June 2018 New Releases!

Welcome to the first month of summer! If your library is hosting a summer reading challenge, or if you just want a great book to take along on your next vacation, I’ve got some fabulous recommendations for you: these four beauties releasing from Bethany House this month! Get an early start by clicking on a cover to read an excerpt.

A Daring Venture by Elizabeth Camden

Plot: Dr. Rosalind Werner is at the forefront of a groundbreaking new water technology—if only she can get support for her work. Nicholas, Commissioner of Water for New York, is skeptical—and surprised by his reaction to Rosalind. While they fight against their own attraction, they stand on opposite sides of a battle that will impact thousands of lives.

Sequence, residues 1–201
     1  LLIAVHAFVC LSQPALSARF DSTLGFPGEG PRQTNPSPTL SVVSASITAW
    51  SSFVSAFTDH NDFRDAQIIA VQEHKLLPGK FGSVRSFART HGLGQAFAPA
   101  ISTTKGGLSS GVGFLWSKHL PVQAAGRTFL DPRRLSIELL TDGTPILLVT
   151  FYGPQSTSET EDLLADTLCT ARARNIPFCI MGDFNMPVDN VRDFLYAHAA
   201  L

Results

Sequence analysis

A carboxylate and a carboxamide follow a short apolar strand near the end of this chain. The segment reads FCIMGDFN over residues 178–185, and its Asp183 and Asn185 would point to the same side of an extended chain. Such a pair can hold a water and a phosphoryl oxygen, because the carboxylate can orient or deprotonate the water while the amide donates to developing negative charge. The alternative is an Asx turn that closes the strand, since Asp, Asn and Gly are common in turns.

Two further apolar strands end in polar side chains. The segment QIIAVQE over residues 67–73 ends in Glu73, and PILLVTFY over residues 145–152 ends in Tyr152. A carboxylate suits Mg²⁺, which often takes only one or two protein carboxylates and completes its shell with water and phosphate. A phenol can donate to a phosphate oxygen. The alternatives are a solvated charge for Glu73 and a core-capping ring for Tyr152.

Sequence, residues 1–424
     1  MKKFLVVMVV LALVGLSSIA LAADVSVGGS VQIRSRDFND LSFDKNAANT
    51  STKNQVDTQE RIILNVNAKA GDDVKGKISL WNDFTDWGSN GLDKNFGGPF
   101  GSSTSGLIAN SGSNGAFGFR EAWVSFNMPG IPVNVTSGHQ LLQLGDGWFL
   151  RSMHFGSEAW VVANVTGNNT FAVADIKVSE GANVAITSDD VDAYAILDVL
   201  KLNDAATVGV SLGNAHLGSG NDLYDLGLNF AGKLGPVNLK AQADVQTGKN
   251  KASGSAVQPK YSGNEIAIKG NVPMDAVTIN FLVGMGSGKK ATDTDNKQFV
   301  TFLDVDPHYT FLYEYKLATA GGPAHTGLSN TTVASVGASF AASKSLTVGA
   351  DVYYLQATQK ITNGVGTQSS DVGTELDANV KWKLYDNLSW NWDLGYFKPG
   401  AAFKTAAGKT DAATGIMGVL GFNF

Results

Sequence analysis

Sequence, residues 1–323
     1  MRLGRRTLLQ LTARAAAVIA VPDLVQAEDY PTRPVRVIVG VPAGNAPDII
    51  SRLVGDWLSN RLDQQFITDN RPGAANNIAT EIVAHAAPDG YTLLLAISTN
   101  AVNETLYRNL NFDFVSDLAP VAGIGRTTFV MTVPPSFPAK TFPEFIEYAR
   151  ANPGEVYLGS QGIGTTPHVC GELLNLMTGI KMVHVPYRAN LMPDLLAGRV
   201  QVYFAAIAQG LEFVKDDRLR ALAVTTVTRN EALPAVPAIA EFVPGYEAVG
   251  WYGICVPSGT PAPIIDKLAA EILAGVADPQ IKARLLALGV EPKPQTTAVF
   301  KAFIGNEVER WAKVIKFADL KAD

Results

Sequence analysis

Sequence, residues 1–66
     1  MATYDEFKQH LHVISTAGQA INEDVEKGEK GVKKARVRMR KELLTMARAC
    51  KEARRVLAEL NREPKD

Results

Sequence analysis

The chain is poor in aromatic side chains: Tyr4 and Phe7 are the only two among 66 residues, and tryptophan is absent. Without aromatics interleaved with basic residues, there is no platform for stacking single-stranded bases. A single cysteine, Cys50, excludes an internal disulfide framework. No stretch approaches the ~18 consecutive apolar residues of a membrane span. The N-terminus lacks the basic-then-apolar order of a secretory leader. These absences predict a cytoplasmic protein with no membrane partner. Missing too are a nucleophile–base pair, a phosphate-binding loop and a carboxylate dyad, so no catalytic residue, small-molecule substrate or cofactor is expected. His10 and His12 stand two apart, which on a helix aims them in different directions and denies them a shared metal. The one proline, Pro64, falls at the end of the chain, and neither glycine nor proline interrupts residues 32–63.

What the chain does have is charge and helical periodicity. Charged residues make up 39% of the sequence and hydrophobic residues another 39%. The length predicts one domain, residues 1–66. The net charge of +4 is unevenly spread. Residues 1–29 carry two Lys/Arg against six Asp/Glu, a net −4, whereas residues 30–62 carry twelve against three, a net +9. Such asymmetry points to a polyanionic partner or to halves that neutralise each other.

A Defense of Honor by Kristi Ann Hunter

Plot: Forced to run for her life, Kit FitzGilbert finds herself in the very place she swore never to return to—a London ballroom. There she encounters Graham, Lord Wharton, who believes Kit holds the key to a mystery he’s trying to solve. As much as she wishes that she could tell him everything, she can’t reveal the truth without endangering those she loves.


King’s War by Jill Williamson

Plot: The remnant of the Five Realms has finally found a home in Er’Rets. However, peace is much harder to secure, and forces from within and without threaten Trevn’s new rule. The Hadar family and their allies prepare to make one final stand in the name of Arman: There shall be war—in Er’Rets and in the Veil—to vanquish evil or be ruled by darkness.


More Than Meets the Eye by Karen Witemeyer